*Visible minority: self-identified as belonging to a racial or cultural group other than “White” (does not include Aboriginal).
**Recent immigrant: At least one parent reported that they had become a landed immigrant in Canada in the 10 years prior to the survey.
***LICO (low income cut off) data based on postal code information.
Low social cohesion in NL, PE and NB – Use with caution.
Low and high scores were determined by the 10th/90th percentile cutpoints (as appropriate).
Source: CICH graphic created using data adapted from the Survey of Young Canadians 2010/2011, Statistics Canada – custom runs.
Children under 6 in urban communities were more likely to live in neighbourhoods that their parents felt had low levels of neighbourhood cohesion1than were those living in rural areas.
Children who were recent immigrants were more likely to live in neighbourhoods that their parents felt had low levels of neighbourhood cohesion than were children who were not recent immigrants.
Children who were from visible minority groups were more likely to live in neighbourhoods that their parents felt had low levels of neighbourhood cohesion than those who were not from visible minority groups.
Children living in low income households were more likely to live in neighbourhoods that their parents felt had low levels of neighbourhood cohesion than those in higher income households.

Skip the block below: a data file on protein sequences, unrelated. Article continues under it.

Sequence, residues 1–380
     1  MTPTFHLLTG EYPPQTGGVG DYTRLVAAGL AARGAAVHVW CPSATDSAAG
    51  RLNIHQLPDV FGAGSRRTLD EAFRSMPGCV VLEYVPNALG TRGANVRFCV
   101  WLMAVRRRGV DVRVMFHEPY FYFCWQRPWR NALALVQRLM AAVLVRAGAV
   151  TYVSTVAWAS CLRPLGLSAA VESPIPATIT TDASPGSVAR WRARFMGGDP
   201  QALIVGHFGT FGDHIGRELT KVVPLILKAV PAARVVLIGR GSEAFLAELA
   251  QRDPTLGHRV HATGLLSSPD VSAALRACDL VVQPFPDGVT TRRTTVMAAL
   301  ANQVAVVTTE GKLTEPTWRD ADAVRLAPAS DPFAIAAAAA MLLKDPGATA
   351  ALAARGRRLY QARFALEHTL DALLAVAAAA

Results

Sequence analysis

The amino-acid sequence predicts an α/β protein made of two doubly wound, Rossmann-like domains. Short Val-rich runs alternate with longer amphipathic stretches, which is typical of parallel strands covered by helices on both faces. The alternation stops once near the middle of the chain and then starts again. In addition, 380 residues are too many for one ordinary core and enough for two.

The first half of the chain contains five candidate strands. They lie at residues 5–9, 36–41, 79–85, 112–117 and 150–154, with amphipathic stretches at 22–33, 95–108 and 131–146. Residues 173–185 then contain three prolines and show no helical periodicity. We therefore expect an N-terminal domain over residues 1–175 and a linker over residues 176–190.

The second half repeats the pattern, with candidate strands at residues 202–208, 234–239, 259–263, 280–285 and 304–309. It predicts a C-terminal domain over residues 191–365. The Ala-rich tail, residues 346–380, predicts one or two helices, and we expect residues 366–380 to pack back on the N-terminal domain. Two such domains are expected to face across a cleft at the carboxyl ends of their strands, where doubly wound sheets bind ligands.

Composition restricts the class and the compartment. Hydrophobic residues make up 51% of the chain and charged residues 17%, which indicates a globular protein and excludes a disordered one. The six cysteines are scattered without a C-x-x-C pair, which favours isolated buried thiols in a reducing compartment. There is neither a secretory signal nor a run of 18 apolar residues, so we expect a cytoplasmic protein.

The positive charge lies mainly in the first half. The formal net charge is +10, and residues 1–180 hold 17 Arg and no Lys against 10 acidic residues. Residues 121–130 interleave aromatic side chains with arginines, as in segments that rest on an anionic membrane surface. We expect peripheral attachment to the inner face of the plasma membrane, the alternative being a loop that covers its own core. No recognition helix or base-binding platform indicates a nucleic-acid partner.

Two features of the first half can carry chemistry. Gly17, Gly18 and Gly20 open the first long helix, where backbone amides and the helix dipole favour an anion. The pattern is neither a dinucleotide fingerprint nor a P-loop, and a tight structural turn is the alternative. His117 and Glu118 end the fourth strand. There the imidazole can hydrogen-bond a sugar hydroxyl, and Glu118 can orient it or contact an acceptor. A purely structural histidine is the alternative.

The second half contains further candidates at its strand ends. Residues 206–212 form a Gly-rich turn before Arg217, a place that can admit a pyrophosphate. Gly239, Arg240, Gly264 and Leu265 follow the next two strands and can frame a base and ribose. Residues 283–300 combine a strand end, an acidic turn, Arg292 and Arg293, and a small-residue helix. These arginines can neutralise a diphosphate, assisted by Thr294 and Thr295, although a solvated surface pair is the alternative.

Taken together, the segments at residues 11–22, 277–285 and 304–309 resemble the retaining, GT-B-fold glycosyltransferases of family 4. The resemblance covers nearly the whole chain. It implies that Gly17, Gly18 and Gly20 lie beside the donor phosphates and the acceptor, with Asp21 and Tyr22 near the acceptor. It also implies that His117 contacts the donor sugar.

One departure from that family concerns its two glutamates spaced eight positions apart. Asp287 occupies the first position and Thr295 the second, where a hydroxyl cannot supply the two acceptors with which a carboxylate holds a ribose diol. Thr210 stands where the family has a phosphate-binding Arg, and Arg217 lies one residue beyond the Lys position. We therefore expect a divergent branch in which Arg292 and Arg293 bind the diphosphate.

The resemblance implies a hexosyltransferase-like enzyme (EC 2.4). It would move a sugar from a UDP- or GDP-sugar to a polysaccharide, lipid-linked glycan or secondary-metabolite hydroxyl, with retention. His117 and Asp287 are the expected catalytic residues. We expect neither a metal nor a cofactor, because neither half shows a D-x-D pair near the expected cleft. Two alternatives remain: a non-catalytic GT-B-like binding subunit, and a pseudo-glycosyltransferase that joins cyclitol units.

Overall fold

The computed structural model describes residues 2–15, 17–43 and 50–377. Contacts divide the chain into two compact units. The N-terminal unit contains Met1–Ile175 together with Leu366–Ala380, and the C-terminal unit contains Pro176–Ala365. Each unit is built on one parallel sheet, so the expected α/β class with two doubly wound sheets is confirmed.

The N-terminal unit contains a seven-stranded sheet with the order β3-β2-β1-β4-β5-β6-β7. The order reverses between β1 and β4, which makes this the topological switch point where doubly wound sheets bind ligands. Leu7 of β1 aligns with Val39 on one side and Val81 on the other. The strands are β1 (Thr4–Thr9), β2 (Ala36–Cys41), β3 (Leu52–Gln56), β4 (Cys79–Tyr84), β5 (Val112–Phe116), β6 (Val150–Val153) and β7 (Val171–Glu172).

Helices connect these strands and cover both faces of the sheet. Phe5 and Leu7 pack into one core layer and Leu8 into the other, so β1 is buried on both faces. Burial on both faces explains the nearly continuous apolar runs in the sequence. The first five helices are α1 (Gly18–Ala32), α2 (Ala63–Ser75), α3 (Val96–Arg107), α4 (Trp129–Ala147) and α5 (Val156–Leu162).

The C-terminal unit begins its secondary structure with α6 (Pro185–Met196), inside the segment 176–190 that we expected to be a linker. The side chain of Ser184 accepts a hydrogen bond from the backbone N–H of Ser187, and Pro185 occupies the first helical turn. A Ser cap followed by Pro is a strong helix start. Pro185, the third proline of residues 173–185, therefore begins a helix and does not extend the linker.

1The purpose of the neighbourhood scales is to assess the extent of the presence/absence of certain neighbourhood characteristics. In particular, the neighbourhood cohesion scale can be used to measure the social unity of a neighbourhood (the extent to which the PMK- person most knowledgeable- feels that there is cohesion in the neighbourhood). Adult respondents were asked whether people in their neighbourhood are willing to help each other, deal with local problems, keep an eye open for possible trouble, and watch out for the safety of neighbourhood children, and whether they are people that their children can look up to. All questions about the neighbourhood were administered to the PMK or spouse/partner of the PMK. To identify low levels of neighbourhood cohesion, thresholds (or cutoff points) were established by taking the scale score that is closest to the 10th percentile based on Cycle 3 data for children in all provinces. The variable represents the proportion of children whose neighbourhoods exhibit lower levels of cohesion (as reported by the PMK) and those whose neighbourhoods do not. The Well-Being of Canada’s Young Children: Government of Canada Report 2011. Technical Notes. http://www.dpe-agje-ecd-elcc.ca/eng/ecd/well-being/page12.shtml-accessed July 24, 2017.